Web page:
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Homeowners to get slapped with more taxes?

Hope really hard that state lawmakers find a way to pay for the homestead exemptions so many of us received last fall. Because if they don’t, ScrevenCounty officials say they’ll send tax bills of $206 to each resident of the county with a homestead exemption.

 

That’s 3,200 households that each would get a bill for $206, payable within 60 days of getting the bill – sometime this spring.

State lawmakers still may make the whole problem go away by finding a way to pay for the exemptions, which would cost $428 million statewide. A bill proposed in the House Tuesday would fund the exemptions this year and offer exemptions in future years only if state revenue grows enough to fund them.

Since revenue isn’t likely to grow, that most likely would mean no more homestead exemptions, and that, in turn, would mean local governments would have to raise property taxes or cut spending.

But that would at least put the problem off and prevent homeowners from getting a spring surprise in the mail.

A number of House leaders have signed onto the bill, and Senate leaders also initially signaled they approve of the idea.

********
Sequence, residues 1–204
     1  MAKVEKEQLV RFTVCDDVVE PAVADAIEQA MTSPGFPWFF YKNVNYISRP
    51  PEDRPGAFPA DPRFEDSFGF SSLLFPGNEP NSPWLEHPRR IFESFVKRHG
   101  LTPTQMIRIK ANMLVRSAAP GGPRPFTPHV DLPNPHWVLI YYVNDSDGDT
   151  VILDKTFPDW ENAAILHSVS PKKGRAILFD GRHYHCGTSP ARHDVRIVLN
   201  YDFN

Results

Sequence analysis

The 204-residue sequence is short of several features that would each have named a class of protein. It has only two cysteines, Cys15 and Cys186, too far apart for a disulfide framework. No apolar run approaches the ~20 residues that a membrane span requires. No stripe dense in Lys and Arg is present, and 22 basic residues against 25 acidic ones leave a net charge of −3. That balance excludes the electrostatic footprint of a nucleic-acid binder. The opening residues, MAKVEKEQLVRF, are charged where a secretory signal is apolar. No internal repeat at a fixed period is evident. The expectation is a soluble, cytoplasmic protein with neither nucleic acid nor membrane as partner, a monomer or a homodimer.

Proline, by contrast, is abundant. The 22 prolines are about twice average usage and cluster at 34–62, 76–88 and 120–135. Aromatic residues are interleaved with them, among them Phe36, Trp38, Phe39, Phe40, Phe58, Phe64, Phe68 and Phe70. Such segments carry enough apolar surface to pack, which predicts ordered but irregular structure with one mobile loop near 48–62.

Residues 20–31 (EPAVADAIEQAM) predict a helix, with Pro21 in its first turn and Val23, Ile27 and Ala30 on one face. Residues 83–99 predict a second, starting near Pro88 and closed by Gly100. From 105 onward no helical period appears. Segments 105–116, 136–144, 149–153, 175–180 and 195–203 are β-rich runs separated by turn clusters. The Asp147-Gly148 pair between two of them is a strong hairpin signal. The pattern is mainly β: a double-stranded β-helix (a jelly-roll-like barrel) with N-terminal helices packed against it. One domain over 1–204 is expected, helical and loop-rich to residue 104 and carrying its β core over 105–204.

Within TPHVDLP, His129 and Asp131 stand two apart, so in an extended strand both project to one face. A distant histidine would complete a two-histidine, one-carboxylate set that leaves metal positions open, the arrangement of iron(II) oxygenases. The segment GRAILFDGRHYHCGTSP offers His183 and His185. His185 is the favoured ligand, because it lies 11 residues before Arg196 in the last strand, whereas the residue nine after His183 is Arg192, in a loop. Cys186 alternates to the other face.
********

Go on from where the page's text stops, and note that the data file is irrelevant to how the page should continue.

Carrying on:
Another safety net that would have protected holders of homesteads seems to have disappeared this week: ScrevenCounty commissioners have said they would hate to send spring tax bills to residents. County Manager Rick Jordan said he thinks they would have avoided such a last-minute increase if they possibly could have – perhaps by cutting spending or finding some other source to replace the money.

But a lawyer for the Association County Commissioners of Georgia issued a memo Saturday saying the state constitution and the law creating the exemptions are set up in such a way that local governments legally cannot make up the difference.

The homestead “credits are a result of a grant of power to General Assembly and there is no similar authorization to local governments. Consequently, counties, cities and school boards are not authorized to provide similar credits,” said the association’s legal counsel, James F. Grubiak.

Jordan said the state attorney general would have to weigh in the issue, but if the attorney general agrees with the ACCG lawyer, that would tie the hands of local governments – preventing them, legally, from taking up the slack if state lawmakers fail to come through with the funds.

The bottom line is this – if you own homesteaded property and don’t want to (or can’t) pay an additional $206 this spring, contact your state lawmakers as soon as possible and urge them to find a way to pay for the homestead exemptions.